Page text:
How to Ease Your Child’s Dental Fear
It is important to make sure that your child sees a dentist at least once a year from the time they start to develop teeth. Unfortunately, for many parents that is easier said than done – statistics show that at least 10% of all young children are afraid to go to the dentist. These fears can manifest in different ways – a child can show physical symptoms of fear such as sweating, palpitations and trembling. Most will cry and recoil and even use clever tricks to make sure that a trip to the dentist is delayed for as long as possible.
This can lead to poor teeth at a young age. It is up to you to make sure that your child’s dental appointments are kept and the best way to do that is to find out how to ease their dental fears. This article will give you a few effective tips.
- Make sure that you find a good pediatric dentist for your child. Your regular dentist may be excellent at working on adult’s teeth but he may not be trained to work on children. A pediatric dentist is trained for a couple of extra years to work on children’s and teenagers teeth. They know how to make children feel calm during dental procedures.
- Make sure that you choose a pediatric dentist who has a proper setup for children. Their offices should be brightly colored, they should have lots of toys and kids books and the employees should be child friendly.
- Start taking your child to the dentist at a young age. Children are more receptive when they are younger so the sooner they understand basic dental procedures the better.
- Communicating with your child about the dentist and dental procedures is very important if you want to eliminate their phobias. If your child shows signs of anxiety before a dental visit you should calm them down and then talk to them about who a dentist is and what he does. Talk about the importance of dental hygiene and let them know that the dentist will not hurt them, but will help make their teeth better.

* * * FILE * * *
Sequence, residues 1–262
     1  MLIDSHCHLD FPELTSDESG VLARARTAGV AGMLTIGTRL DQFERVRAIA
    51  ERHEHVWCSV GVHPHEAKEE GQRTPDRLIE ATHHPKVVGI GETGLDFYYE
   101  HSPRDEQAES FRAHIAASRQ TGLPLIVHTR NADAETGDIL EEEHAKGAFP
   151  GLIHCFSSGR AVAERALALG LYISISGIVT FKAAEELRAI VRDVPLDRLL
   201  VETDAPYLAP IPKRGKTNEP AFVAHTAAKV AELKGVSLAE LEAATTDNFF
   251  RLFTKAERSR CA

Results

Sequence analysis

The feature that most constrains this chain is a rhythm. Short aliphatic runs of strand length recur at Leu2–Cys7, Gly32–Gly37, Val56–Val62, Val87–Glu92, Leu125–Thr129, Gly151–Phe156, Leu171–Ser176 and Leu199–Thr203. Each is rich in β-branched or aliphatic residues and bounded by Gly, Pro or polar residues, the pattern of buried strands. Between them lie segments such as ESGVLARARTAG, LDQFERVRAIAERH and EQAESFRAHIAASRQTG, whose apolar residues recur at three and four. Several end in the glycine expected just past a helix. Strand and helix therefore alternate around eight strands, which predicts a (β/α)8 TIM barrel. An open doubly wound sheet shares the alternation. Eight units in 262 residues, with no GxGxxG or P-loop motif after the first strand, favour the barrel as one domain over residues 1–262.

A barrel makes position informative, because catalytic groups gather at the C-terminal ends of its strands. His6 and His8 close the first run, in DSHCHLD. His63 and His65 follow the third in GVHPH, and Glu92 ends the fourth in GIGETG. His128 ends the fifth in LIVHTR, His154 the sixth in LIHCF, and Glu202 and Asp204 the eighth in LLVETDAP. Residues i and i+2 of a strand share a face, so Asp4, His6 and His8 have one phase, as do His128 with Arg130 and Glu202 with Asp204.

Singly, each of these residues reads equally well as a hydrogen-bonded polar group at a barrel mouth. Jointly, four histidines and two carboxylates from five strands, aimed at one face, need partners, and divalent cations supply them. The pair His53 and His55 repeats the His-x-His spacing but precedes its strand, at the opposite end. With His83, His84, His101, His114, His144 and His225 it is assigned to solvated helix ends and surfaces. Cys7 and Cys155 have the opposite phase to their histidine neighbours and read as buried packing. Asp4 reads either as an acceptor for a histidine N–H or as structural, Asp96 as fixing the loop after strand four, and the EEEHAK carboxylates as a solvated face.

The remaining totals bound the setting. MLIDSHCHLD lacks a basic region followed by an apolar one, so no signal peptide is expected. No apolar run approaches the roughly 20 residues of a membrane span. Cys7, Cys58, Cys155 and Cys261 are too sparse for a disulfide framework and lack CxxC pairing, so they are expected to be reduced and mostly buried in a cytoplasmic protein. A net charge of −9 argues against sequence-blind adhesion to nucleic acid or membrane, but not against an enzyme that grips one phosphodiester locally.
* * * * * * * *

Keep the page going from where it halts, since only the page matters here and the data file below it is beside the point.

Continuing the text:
- Communication from the pediatric dentist is also important. Before the dentist starts to work on your child it is important that he or she take some time to explain to both you and your child what they will be doing and why they will be doing it. Pediatric dentists are trained in the kind of vocabulary that helps children relax, so sit back and allow them to do their job.
- There are several relaxation techniques that can help your child calm down if they are worried about a visit to the dentist. You can get them to take a few deep breaths and exhale. Blowing bubbles is also very soothing for young children so bring your bubble kit along. The pediatric dentist may also have a few tips and tricks up his sleeve.
- Reward your child after a trip to the dentist but make sure to avoid sugary treats – they negate the good work that has just been done on their teeth. You can take them somewhere special, such as a theme park that they like or let them visit a friend. If, however, they show signs of stress or tiredness after a dental visit it is best to take them home and let them sleep it off.
- If you try all these things and your child’s nervousness doesn’t seem to decrease you may want to consider having their teeth, particularly their molars, sealed. A special layer over their teeth will protect them from bacteria and reduce the need for dental visits.
Lastly, talk you’re your dentist about how you can help your child overcome their fears. A specialist pediatric dentist takes the time to understand what may be causing a child’s fears and they can give you useful tips.